Land Rover is developing new vehicles and new technologies to meet growing demand for more environmentally-friendly and fuel-efficient vehicles. Its small LRX “concept car”, which can run on a hybrid engine and use bio-diesel, has been well-received by analysts and motoring journalists and is likely to be built at Halewood if it goes into production.
Jaguar and Land Rover post $383m loss
The Times 24th September, 2008, Rhys Blakely
Jaguar and Land Rover recorded a loss of $383 million after tax in the first six months of the year, according to a rights issue prospectus filed by Tata Motors. The Indian company bought the luxury marques earlier this year from Ford for $1.15 billion.
The detail of just how much money the two carmakers are loosing will cement concerns that Tata, India’s largest truck maker, will have its work cut out in making its first foray into the luxury car market a success. A spokesman for Tata said that the loss detailed in the most recent accounts for Land Rover and Jaguar did not give the best picture of the units’ performance.
It pointed to figures showing that the earnings before interest and tax of the two carmakers combined was $688 million in the six months to the end of June. Tata’s purchase of Land Rover and Jaguar has, however, already faced several serious hurdles. Last month, Tata Motors was forced to scrap a planned 30 billion rupee (£352 million) rights issue that was to help finance the group’s acquisition of Land Rover and Jaguar.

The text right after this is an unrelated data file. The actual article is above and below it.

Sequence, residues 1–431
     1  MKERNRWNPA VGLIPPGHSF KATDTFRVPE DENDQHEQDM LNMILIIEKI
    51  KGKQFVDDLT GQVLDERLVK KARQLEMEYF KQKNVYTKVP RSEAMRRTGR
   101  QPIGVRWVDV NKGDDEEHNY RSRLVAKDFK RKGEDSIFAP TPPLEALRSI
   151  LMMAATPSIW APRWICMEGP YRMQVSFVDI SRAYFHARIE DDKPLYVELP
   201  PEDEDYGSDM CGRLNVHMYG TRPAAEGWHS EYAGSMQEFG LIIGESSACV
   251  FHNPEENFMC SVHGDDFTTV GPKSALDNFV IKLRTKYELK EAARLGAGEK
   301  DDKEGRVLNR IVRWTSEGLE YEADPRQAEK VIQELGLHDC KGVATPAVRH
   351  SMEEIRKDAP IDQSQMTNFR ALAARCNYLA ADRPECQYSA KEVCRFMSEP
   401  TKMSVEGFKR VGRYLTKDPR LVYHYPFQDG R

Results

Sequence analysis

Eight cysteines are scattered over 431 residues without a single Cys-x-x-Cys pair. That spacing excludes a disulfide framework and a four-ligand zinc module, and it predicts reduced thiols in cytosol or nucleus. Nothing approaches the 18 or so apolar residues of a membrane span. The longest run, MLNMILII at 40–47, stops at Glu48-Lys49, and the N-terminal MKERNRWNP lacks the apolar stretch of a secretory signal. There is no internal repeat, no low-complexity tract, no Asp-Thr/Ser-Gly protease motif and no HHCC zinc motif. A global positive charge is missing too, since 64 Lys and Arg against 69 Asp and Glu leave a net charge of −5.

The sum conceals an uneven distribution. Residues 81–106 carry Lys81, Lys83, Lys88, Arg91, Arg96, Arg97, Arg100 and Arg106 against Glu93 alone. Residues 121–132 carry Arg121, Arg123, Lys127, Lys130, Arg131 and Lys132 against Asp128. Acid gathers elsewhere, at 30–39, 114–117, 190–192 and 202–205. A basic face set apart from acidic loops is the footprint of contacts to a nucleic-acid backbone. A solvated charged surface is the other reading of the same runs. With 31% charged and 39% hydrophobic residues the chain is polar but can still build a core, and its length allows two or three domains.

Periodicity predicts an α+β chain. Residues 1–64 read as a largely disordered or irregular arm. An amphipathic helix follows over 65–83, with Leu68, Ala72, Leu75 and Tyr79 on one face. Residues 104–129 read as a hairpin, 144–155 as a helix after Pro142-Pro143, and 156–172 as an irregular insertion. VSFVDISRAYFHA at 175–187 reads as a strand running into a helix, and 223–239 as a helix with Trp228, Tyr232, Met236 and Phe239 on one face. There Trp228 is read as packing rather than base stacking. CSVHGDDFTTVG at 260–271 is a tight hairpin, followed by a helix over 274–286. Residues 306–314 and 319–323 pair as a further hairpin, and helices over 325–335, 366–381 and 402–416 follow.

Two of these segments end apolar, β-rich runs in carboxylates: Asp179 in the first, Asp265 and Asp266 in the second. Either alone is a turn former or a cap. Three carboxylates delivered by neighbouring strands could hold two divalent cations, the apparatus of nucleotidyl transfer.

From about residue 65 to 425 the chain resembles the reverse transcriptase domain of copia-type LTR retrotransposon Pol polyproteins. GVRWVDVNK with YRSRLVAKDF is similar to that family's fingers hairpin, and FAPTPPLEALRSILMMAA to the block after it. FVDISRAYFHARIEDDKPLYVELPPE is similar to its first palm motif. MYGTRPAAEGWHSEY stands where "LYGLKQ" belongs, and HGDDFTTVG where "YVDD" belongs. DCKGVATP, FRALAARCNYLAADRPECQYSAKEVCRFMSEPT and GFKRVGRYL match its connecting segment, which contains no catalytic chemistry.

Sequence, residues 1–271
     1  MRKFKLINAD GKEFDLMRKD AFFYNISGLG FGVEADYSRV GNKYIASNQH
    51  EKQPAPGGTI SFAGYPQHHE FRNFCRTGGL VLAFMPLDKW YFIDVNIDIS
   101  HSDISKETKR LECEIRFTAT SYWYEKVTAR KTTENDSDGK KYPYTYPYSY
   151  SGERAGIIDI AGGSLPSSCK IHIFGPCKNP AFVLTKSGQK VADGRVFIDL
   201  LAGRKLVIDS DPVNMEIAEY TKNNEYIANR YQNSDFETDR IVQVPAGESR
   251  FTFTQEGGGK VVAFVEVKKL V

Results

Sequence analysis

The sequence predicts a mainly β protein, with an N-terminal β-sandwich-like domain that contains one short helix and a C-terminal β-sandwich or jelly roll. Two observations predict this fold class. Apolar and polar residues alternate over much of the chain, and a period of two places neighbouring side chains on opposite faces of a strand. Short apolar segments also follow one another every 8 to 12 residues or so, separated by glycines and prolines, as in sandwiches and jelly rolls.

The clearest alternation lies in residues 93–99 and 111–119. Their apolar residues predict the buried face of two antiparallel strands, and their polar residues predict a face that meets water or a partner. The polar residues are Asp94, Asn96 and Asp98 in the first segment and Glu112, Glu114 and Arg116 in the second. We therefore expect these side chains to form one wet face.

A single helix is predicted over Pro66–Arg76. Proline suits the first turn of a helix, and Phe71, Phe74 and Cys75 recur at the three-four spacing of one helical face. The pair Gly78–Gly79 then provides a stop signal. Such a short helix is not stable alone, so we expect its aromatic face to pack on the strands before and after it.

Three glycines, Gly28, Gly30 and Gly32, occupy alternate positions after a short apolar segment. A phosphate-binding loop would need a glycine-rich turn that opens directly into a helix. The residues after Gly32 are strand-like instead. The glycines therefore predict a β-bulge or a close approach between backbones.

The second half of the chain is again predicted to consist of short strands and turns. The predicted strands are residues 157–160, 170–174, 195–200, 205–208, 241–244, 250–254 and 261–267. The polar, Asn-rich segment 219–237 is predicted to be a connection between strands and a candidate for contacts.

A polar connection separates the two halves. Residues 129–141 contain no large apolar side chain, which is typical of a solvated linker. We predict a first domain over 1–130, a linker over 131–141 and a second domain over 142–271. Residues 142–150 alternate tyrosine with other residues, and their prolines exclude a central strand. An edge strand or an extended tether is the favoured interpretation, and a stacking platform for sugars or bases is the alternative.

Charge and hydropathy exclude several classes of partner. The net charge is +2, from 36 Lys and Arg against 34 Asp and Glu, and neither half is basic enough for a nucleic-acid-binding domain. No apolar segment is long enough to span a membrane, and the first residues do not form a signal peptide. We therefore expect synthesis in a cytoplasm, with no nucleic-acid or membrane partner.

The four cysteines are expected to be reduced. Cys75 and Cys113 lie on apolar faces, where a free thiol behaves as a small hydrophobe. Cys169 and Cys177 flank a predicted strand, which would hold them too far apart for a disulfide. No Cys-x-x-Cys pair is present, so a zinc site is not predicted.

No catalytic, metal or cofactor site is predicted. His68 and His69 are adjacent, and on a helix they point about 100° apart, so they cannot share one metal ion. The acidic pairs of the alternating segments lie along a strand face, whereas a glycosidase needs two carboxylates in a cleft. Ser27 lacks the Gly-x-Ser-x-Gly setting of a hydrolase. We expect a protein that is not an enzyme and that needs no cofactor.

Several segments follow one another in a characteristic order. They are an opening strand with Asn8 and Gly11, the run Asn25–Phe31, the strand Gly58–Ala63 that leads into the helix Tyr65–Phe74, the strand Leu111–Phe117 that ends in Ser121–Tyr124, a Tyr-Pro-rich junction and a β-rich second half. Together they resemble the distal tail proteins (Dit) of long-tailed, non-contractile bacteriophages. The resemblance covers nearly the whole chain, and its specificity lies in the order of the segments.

It cancelled the convertible preference share issue after its share price plummeted. It now intends to sell assets instead to raise the cash, which is needed to refinance an expensive bridge loan. However, plans for two other rights issues to raise a further 42 billion rupees remain intact. The prospectus for those issues, from the Indian bank JM Financial, contained the breakdown of Jaguar and Land Rover’s performance.
Meanwhile, sales of Land Rovers are sharply down in important markets, such as the US, in the wake of the sub-prime crisis. There are also concerns that the surging costs of raw materials may scramble Tata’s plans to reap profits from its 1,250 Nano, which will be the world’s cheapest car when it goes on sale this autumn in India.
The construction of the factory being built to produce the Nano has ground to a halt after being besieged by thousands of demonstrators.
Jaguar Land Rover names new president of U.S. unit
Chrissie Thompson, Automotive News Europe 25th September, 2008
Gary Temple will serve as the next North American president of Jaguar Land Rover America, the company said Wednesday in a statement. Temple, 65, a 25-year veteran of the company, most recently served as senior executive vice president of operations for North America. As continent president, he will oversee North American sales, marketing and service operations for the company, currently based in Irvine, California.